The Lammy Doctrine: The thinking behind Labour’s ‘restorative’ foreign policy

Labour has a brand new mental framework for British international coverage and spearheading the cost is David Lammy. 

On Tuesday, the shadow international secretary delivered a landmark speech to the suppose tank Chatham Home. It was his most complete intervention on international coverage to this point. Addressing the assembled fellows, Lammy laid the groundwork for a way Labour would function on the worldwide stage post-2024. There have been indicators of a brand new diplomatic departure; Starmerism, it appeared, was going world.

Overseas coverage has not all the time been snug territory for Labour. The social gathering is arguably nonetheless scarred by its function within the Iraq battle, which noticed many develop suspicious about worldwide, and significantly navy, alliances. In the long run, the legacy of Iraq contributed significantly to the election of NATO critic Jeremy Corbyn as Labour chief in 2015. Subsequently, social gathering splits over international coverage have been a mainstay of his premiership, notably over the choice to increase airstrikes to Syria.

Taking a broader view, Labour’s international coverage difficulties mirror a European pattern. On the continent, social democratic events are equally divided on the query of geopolitical technique. It’s one thing we have now simply seen play out within the tank trauma skilled by German chancellor Olaf Scholz, a member of the Social Democratic Get together (SPD). Underneath the burden of worldwide stress, Scholz initially shied away from approving German tank deliveries to Ukraine, partly, as a result of escalation would possibly create issues within the extra pacifist, leftist faction of his social gathering. An anti-militarist line geared towards peace initiatives stays prevalent in SPD, simply because it does in Labour. 


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Since changing into Labour chief in 2020, Starmer has been decided to place any query of Labour’s dedication to worldwide alliances firmly behind him. Consciously contradicting the mental framing of the Corbyn period, beneath Starmer, Labour has backed each determination the federal government has made on Ukraine, together with sending tanks, and even threatened NATO-critical MPs with suspension. Now with Lammy’s speech on Tuesday, we see Labour’s newest geopolitical assertion of intent.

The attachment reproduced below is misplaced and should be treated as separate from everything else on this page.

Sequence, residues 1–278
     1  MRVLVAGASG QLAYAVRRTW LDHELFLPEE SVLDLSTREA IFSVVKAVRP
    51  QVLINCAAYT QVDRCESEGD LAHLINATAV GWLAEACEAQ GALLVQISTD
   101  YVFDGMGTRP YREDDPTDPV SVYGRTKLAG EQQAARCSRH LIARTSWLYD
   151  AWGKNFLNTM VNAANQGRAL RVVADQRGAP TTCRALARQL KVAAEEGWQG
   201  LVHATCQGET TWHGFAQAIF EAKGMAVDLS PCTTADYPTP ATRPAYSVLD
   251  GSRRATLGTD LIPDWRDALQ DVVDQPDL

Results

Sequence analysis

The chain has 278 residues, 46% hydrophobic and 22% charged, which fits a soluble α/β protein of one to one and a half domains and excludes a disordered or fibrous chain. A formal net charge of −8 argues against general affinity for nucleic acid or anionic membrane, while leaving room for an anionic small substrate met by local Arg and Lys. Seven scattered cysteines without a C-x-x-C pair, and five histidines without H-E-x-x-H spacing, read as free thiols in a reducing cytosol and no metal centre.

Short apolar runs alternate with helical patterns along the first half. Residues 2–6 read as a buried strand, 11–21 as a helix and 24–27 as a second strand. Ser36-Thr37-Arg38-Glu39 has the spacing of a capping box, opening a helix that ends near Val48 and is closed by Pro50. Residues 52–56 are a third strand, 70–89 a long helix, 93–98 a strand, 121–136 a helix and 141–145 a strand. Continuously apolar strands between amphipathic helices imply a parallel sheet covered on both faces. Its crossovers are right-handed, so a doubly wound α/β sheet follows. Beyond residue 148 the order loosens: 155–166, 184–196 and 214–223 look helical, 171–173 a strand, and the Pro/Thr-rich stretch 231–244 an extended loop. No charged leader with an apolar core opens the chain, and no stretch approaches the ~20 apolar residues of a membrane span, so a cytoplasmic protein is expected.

Reaffirming that Labour wouldn’t draw back from an lively function on the worldwide stage, Lammy despatched a message to those that should still doubt Labour’s geopolitical positioning. “From the start of this disaster by means of to the latest determination to ship Challenger tanks, the federal government has had Labour’s whole help [over Ukraine”, Lammy said. He added: “It was a Labour Foreign Secretary who was the driving force behind the creation of NATO 70 years ago. Today, as then, Labour’s commitment to NATO is unshakeable”.

Labour would also try to actively rebuild its relationship with Europe. A Labour government would “cement our traditional friendships” by pursuing close economic and diplomatic ties with the EU, Lammy said. Of course, there was no suggestion that Labour would take Britain back into the single market or the customs union; but Lammy did commit to hold regular intensive bilateral meetings between the UK and the EU as foreign secretary. Furthermore, he made the case for a new defence security pact with Europe, arguing that routine, structured discussions would allow the UK to partner with European states in matters of organised crime and cybersecurity.